The Killing of a Sacred Deer Review
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This time of year is filled with surprises. As award season picks up and studios begin battling for award season buzz, you never really know whether a film will turn out to be remarkable or ridiculous. Sometimes you’ll be in for a pleasant surprise…and sometimes you’ll end up with The Killing of a Sacred Deer.

The Killing of a Sacred Deer stars Colin Farrell as Dr. Steven Murphy, a cardiologist with what seems to be the perfect life, the perfect marriage, and the perfect family—until a teenage boy named Martin (Barry Keoghan) works his way into their neat, perfect world. The son of one of Steven’s patients, Martin is still struggling with his father’s death, so Steven takes him under his wing. But Martin’s arrival shakes things up in the family—and soon Steven finds himself struggling to make a difficult decision.

From start to finish, The Killing of a Sacred Deer is an entirely off-putting film. It’s strange and pretentious and altogether awkward. The whole Murphy family is unreal: robotic and eerily candid and woodenly pleasant to everyone around them. They speak unnaturally, with little expression and little intonation. They’re all pretty creepy—but Martin is even creepier.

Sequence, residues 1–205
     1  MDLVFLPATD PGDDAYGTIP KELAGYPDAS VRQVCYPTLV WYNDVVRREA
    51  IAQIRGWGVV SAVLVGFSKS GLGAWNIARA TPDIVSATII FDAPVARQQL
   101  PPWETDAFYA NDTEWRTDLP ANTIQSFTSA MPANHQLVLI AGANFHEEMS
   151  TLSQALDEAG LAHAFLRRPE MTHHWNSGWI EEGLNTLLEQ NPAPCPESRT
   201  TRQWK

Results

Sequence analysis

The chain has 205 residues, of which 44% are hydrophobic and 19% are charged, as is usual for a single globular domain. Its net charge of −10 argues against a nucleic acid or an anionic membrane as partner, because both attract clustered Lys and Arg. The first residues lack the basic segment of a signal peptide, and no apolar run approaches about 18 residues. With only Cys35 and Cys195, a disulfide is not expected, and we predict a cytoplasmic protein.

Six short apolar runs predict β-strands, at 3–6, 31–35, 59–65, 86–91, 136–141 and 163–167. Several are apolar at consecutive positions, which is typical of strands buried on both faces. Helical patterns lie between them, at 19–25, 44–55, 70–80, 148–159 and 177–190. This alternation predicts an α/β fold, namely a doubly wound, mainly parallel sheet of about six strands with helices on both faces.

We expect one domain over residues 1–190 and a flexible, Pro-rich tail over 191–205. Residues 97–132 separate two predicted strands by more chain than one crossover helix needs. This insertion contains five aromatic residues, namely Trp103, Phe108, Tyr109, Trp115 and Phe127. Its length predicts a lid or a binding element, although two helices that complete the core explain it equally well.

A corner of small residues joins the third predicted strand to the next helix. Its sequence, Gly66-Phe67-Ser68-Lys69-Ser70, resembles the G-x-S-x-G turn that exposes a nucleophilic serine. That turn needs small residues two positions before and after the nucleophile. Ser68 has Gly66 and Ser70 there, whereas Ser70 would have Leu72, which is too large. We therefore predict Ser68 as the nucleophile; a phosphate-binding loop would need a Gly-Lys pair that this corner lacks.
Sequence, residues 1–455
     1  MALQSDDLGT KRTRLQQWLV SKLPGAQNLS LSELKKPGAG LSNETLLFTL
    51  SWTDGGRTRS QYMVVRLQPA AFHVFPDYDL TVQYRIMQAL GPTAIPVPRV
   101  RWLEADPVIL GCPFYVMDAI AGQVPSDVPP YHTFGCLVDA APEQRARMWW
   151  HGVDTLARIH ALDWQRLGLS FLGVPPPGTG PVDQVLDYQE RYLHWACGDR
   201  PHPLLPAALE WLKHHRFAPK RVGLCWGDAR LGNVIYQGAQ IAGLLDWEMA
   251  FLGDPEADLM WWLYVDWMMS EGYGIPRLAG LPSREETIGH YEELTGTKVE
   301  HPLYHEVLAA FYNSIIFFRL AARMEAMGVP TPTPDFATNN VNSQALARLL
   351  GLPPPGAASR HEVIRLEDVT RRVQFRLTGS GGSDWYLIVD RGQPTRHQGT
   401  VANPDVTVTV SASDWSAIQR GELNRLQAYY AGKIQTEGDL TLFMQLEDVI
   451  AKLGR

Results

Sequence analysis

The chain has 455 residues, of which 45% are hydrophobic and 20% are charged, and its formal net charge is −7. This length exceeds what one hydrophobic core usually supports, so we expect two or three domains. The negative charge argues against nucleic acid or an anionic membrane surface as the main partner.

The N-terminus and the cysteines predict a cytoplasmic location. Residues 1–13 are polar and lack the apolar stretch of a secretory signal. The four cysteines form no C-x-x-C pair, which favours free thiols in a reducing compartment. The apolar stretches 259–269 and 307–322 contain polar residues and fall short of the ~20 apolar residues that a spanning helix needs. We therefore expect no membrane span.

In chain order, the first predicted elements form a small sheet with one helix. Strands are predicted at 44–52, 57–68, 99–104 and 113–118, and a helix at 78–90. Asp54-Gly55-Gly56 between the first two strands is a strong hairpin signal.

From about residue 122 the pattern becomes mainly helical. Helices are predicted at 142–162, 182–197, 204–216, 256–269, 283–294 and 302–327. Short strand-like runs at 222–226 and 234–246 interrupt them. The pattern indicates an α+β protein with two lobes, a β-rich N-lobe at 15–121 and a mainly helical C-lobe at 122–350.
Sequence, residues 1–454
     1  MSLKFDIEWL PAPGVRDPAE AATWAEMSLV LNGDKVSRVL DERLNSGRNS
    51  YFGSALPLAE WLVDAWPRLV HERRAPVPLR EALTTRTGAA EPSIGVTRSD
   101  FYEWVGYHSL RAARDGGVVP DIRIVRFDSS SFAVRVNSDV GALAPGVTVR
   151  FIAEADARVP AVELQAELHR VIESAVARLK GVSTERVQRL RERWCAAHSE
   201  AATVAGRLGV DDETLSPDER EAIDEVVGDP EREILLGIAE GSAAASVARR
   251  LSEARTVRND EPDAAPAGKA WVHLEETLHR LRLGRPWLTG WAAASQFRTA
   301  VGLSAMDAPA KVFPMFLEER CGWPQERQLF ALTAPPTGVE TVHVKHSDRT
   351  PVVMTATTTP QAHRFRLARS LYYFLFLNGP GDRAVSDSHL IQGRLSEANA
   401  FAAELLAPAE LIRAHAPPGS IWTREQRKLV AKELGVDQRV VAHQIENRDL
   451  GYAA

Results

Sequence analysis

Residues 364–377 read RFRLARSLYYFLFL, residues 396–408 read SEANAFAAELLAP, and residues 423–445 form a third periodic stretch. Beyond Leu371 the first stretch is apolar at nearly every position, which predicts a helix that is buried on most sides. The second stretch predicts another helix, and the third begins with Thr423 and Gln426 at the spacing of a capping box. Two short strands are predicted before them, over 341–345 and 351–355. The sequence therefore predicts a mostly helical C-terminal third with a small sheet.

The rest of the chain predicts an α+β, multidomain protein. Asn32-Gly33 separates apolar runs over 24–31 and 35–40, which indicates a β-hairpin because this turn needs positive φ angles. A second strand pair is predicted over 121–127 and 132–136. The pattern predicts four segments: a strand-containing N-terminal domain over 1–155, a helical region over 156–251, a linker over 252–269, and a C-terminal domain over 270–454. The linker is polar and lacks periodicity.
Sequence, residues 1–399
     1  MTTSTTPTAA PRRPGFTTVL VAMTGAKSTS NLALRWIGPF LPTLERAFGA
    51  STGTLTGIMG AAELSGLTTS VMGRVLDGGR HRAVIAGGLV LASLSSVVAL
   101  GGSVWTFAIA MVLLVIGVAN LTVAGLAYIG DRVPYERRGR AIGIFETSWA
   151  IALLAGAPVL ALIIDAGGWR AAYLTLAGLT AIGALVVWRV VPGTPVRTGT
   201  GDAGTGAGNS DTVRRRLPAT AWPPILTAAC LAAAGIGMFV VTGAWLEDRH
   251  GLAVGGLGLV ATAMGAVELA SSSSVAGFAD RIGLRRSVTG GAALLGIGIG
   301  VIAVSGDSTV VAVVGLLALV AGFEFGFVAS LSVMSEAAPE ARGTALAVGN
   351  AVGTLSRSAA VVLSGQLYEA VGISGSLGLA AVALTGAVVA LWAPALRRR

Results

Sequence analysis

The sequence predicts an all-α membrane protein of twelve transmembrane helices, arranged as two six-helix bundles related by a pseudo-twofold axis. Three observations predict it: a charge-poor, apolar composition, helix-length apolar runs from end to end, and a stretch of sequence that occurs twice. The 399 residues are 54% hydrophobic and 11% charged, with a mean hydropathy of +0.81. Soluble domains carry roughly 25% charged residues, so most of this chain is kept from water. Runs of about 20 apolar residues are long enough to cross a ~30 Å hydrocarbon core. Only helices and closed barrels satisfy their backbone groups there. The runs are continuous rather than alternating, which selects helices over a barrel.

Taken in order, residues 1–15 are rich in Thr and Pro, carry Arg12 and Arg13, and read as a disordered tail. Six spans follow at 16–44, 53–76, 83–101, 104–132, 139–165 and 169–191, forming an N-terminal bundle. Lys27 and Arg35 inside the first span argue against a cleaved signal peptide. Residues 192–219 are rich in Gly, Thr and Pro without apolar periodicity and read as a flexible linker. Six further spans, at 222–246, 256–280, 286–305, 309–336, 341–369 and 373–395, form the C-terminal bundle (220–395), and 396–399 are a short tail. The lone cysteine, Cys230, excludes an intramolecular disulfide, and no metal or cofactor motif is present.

Still, the strange characters are just the beginning of the film’s awkwardness. Things soon go horribly wrong for Steven and his family, and it seems that Martin might be more than just a goofy teenager; he might actually be a goofy but also quietly sinister teenager who somehow holds the fate of Steven’s family in his hands. And that’s when things get really strange.

At times, it’s hard to tell if the film is trying to be funny—because so much of it is just plain bizarre. On one hand, it smacks viewers upside the head with its simple (though strange) story and its metaphor-filled message. It seems to revel in being different; in fact, it seems to dare audiences not to appreciate it for its sheer cleverness. But it isn’t nearly as clever as it likes to think it is—and it gets so caught up in being artistic that it fails to be anything more than odd and self-important.

Granted, director Yorgos Lanthimos is known for his unusual stories. He has some interesting ideas and his own unique style. But while his latest has a few creative elements, it’s sure to leave audiences feeling cold and confused and discontented.

The Killing of a Sacred Deer is certainly an intriguing film with a talented cast. But it’s also odd and unsettling and unsatisfying—the kind of film that will leave you more frustrated than fascinated.

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